by Susan Josephs
By day, Dana Marlowe works tirelessly to ensure that people with disabilities can access websites and effectively use their smartphones. By night, she’s often awake until two in the morning coordinating a global effort to provide bras and sanitary supplies to homeless women. Always, “I try to impact the positive well being of others,” she says.
A lifelong “champion of the underdog” with a gift for advocacy and social entrepreneurship, Marlowe runs both a multi-million dollar IT consulting firm and rapidly expanding nonprofit from her home in Silver Spring, Md. As the founder of “Accessibility Partners,” she assists businesses and organizations, including the Library of Congress, Amazon and the Kennedy Center, with making their products and services accessible to those with disabilities. And since launching “Support the Girls” last July, she has transformed an idea to donate her unused bras into an international initiative. So far, Marlowe’s organization has collected over 20,000 bras and 53,000 tampons and menstrual pads for over 50 homeless shelters nationwide while “Support the Girls” affiliates have sprung up in other countries including Australia and Costa Rica.
“It’s been life-changing,” says the 39-year-old activist of receiving feedback from homeless women who “don’t have to worry about getting their period on the street or who can stand up straight because they have a bra that fits. I personally have never been homeless but it was instilled in me that if you see a problem, you try and fix it.”
Often starting her day at five in the morning to get her sons Micah, 8, and Riley, 4, ready for school, Marlowe sometimes resorts to “doing meetings on the driveway” in her car as she juggles her responsibilities as a working mom. “But my kids know that I’m passionate about what I do, which is trying to make the world a more accessible place for everyone,” she observes.
Raised in New York’s Rockland County, Marlowe spent much of her childhood in “the hospital” with her father, who suffered from brain cancer and died when she was 12. “I got comfortable being around the sick and dying and seeing everyone as equals,” she recalls.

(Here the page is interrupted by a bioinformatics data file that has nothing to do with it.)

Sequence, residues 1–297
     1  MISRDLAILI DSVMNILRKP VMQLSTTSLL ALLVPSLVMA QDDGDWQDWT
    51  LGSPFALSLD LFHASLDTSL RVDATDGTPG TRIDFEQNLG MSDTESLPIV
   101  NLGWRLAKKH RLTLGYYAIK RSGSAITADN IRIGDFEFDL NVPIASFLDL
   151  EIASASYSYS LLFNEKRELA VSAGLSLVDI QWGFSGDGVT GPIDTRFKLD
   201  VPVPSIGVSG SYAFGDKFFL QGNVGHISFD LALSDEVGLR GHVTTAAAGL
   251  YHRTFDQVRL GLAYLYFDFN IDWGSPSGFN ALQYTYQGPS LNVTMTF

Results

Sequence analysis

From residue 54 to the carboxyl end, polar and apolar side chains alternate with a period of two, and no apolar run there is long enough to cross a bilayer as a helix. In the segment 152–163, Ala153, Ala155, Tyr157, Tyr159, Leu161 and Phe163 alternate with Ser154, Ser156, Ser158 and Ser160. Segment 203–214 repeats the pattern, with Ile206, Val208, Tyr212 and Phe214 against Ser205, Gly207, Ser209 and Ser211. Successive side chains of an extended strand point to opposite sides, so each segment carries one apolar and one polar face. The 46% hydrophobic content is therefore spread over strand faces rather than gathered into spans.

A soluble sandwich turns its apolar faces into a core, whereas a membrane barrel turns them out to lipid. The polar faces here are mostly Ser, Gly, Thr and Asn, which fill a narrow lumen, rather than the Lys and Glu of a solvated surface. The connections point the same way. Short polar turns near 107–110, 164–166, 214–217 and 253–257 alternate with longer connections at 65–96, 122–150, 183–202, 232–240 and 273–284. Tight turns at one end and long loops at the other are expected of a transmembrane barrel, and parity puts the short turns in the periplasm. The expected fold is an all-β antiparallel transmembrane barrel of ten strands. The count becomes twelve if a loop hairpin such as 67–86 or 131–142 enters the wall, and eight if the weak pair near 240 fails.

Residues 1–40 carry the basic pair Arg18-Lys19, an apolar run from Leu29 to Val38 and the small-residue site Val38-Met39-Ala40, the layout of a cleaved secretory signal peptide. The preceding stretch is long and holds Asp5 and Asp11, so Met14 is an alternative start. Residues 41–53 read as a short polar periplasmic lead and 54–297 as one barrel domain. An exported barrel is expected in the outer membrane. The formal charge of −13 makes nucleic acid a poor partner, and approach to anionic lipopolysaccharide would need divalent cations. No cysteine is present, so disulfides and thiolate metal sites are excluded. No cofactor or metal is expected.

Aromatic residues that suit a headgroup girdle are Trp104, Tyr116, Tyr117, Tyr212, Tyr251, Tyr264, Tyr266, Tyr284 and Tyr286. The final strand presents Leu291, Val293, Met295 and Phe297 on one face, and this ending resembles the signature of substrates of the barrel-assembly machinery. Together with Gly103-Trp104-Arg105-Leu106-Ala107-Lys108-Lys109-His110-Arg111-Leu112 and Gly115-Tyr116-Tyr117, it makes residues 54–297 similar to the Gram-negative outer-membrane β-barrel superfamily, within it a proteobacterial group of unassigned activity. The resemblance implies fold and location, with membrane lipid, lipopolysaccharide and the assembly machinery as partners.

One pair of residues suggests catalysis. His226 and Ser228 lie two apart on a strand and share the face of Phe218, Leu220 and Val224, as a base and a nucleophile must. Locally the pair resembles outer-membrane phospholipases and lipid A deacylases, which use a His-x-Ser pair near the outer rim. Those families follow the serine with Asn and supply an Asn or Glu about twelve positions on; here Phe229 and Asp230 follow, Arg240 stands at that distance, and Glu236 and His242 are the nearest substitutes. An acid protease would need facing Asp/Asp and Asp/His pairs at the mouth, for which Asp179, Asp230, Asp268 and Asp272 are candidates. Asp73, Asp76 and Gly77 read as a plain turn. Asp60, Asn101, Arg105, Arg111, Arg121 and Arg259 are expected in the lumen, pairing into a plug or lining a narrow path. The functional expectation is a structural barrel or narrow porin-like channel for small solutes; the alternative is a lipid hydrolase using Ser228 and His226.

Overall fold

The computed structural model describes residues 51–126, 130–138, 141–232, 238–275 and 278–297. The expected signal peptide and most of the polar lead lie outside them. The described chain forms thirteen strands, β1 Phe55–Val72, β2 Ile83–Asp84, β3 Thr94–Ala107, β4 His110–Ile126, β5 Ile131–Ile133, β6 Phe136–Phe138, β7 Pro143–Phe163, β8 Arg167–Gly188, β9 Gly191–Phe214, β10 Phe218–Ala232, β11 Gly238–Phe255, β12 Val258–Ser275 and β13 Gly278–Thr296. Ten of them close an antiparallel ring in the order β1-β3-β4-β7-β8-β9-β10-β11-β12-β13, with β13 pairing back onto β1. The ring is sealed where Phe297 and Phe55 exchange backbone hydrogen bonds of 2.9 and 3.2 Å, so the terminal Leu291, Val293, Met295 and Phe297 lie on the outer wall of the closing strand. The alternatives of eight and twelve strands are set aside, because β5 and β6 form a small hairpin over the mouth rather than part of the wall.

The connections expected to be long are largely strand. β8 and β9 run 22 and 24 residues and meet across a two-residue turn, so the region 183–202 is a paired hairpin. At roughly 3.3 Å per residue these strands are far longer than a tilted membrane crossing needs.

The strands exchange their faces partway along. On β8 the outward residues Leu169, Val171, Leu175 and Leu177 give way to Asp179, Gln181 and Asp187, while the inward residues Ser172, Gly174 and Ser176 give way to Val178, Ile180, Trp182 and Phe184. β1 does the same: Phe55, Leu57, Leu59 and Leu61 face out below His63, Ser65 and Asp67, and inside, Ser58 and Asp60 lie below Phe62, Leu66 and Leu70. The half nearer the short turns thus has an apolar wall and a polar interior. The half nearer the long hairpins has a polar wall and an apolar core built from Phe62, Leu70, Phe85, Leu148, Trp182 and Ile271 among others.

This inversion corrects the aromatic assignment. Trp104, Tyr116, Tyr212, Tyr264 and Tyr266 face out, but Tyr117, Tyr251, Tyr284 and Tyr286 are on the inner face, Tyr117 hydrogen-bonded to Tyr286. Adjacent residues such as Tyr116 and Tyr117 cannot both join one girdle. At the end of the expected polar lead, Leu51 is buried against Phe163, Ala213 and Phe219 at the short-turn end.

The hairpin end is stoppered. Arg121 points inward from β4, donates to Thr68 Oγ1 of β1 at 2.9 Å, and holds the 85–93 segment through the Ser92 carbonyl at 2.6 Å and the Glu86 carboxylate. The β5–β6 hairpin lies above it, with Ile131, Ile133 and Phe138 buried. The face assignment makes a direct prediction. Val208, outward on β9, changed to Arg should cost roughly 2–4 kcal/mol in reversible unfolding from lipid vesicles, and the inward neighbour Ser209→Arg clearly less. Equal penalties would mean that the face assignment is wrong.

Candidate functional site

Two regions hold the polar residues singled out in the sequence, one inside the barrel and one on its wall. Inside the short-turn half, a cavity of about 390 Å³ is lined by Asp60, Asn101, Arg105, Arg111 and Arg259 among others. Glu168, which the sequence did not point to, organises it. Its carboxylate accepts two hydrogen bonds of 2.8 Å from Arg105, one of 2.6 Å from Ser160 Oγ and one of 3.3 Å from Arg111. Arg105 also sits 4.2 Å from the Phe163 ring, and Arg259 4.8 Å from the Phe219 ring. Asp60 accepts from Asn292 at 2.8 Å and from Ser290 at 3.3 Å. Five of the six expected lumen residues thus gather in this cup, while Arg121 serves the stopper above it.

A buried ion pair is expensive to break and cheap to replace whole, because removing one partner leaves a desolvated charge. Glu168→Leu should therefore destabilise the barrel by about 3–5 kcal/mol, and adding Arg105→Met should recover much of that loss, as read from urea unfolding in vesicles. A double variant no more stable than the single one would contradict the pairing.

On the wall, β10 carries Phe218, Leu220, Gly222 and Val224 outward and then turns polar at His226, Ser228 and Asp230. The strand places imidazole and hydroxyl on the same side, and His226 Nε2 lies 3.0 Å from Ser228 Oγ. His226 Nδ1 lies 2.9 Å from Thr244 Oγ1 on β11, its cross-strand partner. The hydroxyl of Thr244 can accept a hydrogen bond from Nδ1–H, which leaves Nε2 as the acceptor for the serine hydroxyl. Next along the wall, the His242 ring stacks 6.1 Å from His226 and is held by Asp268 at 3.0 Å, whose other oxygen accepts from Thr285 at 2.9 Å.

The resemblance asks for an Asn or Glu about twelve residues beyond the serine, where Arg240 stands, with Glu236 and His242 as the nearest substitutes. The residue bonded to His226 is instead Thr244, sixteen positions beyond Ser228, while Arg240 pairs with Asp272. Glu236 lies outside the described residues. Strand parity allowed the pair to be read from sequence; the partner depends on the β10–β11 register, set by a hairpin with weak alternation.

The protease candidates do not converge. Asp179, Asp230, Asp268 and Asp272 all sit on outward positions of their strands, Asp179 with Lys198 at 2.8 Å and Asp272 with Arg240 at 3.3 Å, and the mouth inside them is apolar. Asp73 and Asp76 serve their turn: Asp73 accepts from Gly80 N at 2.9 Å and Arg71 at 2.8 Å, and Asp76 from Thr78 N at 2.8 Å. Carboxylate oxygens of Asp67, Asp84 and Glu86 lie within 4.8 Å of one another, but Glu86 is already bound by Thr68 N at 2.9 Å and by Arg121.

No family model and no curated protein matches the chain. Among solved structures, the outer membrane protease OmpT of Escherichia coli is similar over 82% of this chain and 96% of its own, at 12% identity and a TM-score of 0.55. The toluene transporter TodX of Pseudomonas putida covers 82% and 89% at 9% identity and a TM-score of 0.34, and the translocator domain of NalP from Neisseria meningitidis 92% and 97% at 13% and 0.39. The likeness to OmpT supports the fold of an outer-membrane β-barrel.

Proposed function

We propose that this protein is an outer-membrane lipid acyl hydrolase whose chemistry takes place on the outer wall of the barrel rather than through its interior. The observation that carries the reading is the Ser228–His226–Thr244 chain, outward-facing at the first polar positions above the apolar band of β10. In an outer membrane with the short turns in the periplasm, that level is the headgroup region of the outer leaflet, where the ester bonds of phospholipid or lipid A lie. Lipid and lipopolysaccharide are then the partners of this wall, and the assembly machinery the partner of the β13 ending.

Instilled with Jewish values about “being a mensch” from her parents, Marlowe also found a formative role model in her aunt, a speech pathologist who taught her sign language. Inspired to earn an associate’s degree in Sign Language Interpretation and Translation from Rochester Institute of Technology, she worked as a sign language interpreter while earning an additional communications degree from RIT. “I loved signing but I wanted to express my own ideas,” she says of continuing her education, which includes a master’s degree in interpersonal and organizational communication at the University of Texas’s Austin campus.
"I personally have never been homeless but it was instilled in me that if you see a problem, you try and fix it."
After graduate school, Marlowe worked for an environmental nonprofit before relocating to Silver Spring, where she found her calling in information technology accessibility. After serving in senior positions for two IT accessibility firms, she crafted a business plan for her own company while on maternity leave during the 2009 recession. “I took a risk but I don’t quit easily if something is the right course of action,” she says of her success.
Married to Preston Blay, Marlowe recently chaired a task force on engaging interfaith families through her local Jewish Federation and serves in leadership roles for several disability rights organizations. “I’m about human rights,” she says of all her endeavors. “And when there’s an opportunity to make a difference I will always step up.”